Trail extension might be on CSX property, company says


A piece of the hotly debated $1.5 million extension of the Grist Mill Trail in Patapsco Valley State Park may be illegally located on land owned by railroad giant CSX Corp., a company official said yesterday.

Representatives from CSX met with state Department of Natural Resources officials yesterday to discuss the potential problem.

The state Department of Natural Resources will investigate, John Surrick, a DNR spokesman, said after the meeting at CSX offices in Catonsville.

"We are going to work with them to determine where their property line is," Surrick said.

"We have known all along that CSX has owned property along rail lines," he added. "For years, we have been in discussion about the alignment of this trail."

But CSX officials said they did not become aware that the trail was being built near an active rail line until recently.

"We have an interest to decipher the facts, and then we'll decide" what to do, said Stephen C. Thienel, CXS's regional vice president for state relations. "We expect to be compensated for any property they use."

Construction on the trail, which is between an active CSX railroad line and the banks of the Patapsco River, began last fall but was suspended weeks ago because of weather conditions.

The 1.25-mile extension starts at an existing trail near the Swinging Bridge and follows the river's edge closely paralleling the railroad for nearly a half-mile until the trail and the river angle west.

The former B&O; Railroad purchased a long narrow strip of land totaling nearly 2 acres between the railroad right-of-way and the river in 1901, Thienel said.

The new trail appears to run on that land, but DNR officials are questioning whether the bank of the river is in the same place as it was on the 100-year- old maps marking the purchase, he said.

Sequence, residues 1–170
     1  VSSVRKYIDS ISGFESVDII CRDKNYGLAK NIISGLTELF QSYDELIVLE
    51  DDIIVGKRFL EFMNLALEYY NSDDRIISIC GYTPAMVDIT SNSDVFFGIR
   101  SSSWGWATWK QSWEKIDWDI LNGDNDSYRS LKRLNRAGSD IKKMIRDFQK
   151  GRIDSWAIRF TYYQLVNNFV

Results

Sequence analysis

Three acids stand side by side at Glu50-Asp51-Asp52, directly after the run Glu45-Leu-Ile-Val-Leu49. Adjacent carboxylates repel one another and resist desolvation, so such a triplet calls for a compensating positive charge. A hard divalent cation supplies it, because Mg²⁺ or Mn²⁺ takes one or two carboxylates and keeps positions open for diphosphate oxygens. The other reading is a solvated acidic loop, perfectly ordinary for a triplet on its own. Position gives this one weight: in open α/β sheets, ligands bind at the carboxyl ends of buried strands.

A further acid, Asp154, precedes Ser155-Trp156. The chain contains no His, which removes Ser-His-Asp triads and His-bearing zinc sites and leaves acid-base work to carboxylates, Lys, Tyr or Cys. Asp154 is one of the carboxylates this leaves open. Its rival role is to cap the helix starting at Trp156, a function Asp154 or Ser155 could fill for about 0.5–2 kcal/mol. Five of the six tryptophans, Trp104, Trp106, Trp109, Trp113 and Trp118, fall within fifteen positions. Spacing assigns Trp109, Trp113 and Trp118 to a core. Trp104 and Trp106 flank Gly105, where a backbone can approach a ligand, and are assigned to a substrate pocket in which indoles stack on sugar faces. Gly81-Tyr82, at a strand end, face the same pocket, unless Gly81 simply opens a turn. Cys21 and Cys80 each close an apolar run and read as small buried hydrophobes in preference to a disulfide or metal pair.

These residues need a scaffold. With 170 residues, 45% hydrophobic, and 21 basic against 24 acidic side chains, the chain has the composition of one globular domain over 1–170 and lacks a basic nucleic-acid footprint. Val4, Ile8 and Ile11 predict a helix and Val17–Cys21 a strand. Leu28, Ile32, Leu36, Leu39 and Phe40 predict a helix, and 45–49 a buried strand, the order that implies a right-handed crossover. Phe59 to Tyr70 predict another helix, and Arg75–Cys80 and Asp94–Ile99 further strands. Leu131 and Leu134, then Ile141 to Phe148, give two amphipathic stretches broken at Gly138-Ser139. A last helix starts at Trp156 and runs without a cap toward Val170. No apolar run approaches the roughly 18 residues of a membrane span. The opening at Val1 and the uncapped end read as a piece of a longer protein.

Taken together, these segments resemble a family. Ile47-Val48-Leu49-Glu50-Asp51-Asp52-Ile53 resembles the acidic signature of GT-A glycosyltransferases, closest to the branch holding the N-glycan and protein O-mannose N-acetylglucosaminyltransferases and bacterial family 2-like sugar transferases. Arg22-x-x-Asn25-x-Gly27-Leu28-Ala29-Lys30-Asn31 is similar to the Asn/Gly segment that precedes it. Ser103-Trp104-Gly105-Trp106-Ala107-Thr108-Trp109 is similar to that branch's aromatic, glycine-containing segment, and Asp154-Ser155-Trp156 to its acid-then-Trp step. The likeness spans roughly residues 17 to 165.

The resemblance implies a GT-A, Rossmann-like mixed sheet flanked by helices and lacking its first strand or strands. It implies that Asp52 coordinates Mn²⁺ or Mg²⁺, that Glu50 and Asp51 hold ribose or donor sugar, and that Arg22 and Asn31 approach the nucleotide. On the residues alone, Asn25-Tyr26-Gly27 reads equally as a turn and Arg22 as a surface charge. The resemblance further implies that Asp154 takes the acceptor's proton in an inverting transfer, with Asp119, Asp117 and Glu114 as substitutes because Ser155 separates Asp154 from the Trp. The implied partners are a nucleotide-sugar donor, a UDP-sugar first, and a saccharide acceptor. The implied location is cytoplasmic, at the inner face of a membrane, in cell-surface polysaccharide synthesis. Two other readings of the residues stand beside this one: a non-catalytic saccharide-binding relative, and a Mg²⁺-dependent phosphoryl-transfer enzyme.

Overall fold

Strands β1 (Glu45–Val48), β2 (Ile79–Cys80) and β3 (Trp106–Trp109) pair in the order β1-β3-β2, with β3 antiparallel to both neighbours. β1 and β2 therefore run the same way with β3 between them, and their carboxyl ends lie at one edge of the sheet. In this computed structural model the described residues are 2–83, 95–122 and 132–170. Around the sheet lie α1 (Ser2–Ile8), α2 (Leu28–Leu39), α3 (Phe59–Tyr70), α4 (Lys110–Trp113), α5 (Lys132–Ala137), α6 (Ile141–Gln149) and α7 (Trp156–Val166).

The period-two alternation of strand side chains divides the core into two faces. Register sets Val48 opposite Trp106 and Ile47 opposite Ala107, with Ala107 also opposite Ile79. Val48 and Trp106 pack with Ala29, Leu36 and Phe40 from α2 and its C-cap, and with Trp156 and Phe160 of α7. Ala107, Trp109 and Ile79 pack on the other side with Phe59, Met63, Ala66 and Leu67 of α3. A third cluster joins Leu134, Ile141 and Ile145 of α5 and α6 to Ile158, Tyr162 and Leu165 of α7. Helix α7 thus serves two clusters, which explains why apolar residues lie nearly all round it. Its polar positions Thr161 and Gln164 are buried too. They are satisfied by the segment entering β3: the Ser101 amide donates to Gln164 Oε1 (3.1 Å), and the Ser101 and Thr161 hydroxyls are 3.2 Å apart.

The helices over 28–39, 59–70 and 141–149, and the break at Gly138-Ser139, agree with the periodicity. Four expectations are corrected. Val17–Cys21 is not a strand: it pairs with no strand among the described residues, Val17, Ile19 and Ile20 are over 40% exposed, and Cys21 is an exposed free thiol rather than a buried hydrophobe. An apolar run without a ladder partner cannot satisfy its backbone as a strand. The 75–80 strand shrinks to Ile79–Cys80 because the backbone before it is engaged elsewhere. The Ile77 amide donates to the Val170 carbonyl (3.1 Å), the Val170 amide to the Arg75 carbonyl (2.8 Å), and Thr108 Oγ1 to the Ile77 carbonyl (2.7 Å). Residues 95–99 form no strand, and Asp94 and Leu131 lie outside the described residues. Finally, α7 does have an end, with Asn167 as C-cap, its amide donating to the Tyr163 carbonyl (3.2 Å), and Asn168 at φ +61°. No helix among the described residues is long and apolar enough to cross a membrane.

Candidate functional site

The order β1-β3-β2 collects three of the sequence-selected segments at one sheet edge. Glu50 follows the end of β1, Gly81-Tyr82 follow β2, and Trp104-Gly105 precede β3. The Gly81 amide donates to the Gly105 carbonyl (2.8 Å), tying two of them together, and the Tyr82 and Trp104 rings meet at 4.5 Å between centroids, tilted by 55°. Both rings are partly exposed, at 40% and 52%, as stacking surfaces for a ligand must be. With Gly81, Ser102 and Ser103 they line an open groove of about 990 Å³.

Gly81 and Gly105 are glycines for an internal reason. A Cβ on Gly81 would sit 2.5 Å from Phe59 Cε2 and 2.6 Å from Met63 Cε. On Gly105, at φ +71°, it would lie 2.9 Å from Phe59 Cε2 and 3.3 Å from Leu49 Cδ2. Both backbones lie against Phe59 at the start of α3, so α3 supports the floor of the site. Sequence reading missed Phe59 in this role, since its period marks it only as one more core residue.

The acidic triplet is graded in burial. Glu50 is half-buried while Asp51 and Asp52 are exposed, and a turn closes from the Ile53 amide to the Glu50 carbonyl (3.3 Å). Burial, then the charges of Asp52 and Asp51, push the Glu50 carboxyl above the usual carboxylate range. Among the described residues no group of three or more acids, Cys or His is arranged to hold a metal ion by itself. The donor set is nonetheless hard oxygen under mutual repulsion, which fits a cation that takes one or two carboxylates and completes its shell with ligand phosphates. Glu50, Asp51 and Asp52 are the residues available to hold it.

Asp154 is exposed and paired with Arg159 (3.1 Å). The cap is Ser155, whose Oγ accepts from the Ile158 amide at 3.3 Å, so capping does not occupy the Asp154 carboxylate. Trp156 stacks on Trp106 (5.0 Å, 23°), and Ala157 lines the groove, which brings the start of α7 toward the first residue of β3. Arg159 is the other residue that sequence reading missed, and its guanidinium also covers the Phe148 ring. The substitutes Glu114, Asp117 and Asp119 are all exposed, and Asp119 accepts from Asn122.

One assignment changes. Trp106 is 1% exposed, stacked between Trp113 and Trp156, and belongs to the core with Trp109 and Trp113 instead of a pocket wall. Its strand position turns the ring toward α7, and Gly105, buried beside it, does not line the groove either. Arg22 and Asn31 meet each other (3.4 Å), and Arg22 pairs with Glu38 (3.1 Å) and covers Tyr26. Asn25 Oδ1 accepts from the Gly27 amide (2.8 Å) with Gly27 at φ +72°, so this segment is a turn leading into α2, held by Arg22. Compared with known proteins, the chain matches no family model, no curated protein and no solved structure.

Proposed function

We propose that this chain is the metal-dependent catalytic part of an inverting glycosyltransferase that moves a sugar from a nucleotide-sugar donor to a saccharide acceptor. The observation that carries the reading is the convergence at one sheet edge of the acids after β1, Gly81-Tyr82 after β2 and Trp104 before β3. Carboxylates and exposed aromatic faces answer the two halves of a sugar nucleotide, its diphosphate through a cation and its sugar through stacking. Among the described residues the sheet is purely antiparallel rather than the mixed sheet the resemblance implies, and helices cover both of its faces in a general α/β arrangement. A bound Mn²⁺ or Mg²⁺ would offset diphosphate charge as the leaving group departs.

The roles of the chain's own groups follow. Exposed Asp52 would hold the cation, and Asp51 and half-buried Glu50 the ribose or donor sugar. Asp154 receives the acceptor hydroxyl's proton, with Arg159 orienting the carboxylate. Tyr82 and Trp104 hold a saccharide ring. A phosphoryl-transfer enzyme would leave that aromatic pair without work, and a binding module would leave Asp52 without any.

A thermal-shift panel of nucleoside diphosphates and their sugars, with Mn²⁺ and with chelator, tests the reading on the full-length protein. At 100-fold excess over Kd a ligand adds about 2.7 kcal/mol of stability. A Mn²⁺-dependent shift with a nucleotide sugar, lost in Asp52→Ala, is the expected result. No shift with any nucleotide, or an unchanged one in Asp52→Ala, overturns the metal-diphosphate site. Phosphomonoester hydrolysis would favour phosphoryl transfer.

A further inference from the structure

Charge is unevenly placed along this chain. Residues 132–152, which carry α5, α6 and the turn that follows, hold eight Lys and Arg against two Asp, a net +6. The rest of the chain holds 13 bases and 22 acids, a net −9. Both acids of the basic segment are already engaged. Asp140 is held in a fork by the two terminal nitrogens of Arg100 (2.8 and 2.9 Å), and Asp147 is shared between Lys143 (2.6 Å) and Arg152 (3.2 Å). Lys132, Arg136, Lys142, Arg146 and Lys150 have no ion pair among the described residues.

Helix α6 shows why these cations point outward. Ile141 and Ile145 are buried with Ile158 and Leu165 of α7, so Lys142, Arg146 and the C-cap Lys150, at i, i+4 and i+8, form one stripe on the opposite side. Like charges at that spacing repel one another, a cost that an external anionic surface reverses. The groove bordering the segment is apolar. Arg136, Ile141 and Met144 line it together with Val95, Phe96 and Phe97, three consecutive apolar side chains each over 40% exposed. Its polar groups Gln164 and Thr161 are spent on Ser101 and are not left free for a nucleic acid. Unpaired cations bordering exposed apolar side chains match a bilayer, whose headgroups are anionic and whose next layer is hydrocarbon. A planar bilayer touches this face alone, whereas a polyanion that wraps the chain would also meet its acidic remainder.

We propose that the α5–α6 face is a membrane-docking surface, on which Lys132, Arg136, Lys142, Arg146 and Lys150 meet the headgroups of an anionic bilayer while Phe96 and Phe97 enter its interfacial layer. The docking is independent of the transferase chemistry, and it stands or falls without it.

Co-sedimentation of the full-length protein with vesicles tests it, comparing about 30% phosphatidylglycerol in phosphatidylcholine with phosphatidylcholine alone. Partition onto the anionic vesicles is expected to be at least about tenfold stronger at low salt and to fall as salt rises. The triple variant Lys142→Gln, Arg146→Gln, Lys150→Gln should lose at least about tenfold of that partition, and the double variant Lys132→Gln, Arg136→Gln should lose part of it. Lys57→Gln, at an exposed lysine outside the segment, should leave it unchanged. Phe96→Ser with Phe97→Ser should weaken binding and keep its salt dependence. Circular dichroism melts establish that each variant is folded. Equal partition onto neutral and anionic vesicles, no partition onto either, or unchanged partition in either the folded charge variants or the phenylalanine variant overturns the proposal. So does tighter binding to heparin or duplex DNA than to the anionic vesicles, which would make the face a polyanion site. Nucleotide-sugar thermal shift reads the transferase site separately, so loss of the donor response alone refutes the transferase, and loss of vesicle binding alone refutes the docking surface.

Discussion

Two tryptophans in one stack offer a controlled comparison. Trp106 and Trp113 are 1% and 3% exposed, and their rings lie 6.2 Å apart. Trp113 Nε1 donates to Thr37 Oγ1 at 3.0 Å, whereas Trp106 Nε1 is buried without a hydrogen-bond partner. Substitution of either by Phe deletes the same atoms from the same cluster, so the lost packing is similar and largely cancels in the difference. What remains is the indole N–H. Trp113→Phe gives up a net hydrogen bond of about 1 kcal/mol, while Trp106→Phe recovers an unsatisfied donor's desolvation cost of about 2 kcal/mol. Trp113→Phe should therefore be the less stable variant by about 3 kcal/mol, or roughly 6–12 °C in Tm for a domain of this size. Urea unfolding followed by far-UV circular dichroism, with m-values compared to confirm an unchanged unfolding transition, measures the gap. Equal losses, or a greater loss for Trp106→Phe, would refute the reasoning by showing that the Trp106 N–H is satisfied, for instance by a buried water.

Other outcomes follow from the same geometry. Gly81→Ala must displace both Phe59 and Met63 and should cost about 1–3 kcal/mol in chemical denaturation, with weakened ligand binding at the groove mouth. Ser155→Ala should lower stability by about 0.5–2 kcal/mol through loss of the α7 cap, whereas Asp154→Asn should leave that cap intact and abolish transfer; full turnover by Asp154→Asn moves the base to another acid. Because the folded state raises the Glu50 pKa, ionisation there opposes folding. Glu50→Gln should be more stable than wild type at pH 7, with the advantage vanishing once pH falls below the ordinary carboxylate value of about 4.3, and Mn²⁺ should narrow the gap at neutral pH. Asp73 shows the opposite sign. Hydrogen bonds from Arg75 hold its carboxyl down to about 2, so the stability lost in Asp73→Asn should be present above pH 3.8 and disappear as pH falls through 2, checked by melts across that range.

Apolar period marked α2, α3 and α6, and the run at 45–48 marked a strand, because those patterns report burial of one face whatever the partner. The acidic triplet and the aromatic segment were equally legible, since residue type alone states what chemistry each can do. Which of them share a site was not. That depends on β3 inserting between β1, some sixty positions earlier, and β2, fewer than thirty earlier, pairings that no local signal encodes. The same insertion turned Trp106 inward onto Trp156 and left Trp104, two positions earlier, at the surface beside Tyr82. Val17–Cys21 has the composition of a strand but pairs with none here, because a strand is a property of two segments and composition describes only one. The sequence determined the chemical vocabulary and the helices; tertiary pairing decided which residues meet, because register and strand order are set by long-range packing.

"The question is, is there now room between the edge of our parcel and the river," Thienel said.

CSX officials and DNR have had "informal conferences" in the past about the trail project, Thienel said. However, the company "had gotten assurances that it wasn't going to affect us in any way," he said.

In addition to compensation, Thienel said, the company is concerned about the possibility of increasing the proximity of hikers and bikers to active railroad tracks.

"Clearly it's a safety issue. If they're going to be close to the railroad tracks, we want some precautions taken," he said. "Trains have loose material on them that could fall off" and strike pedestrians or bicyclists in the area.

The 1.25-mile extension of the Grist Mill Trail, authorized by the state Board of Public Works last year, has been fiercely debated since it was suggested in 2001.

Proponents of the trail have lauded its accessibility for bicyclists and handicapped patrons. But some environmental activists worry that a paved surface close to the river's edge will contribute to erosion and act as a barrier to wildlife.

Residents in neighboring communities of Oella, Relay and St. Denis, as well as Ellicott City, have also raised objections, concerned about increased traffic into their communities and the effect on the park's protected lands.

A Sierra Club task force on the trail agreed last fall not to legally challenge the trail's construction in an agreement with the DNR that included a promise by the state agency not to build additional paved paths through the park.

The state has had an agreement with CSX for the past 50 years to use nine properties, including an abandoned rail line in Patapsco Valley State Park, said Neal Welch, project coordinator for the Department of Natural Resources, which manages the park.

"We feel we have complied with every part of that agreement," Welch said.

However, it is unclear whether that agreement applies in this situation, said Heather Lynch, a DNR spokeswoman.

In October, it was discovered that a staging area for construction of a bridge to carry the trail ridge across the Patapsco River included a tiny strip of property owned by Michael A. Nibali, an Ellicott City resident. DNR changed the project to avoid using his land after he asked them for compensation.

Surrick said ownership is a question in all of DNR's efforts throughout the state.

"In many cases, you're looking at transactions that took place many, many, many years ago," he said.

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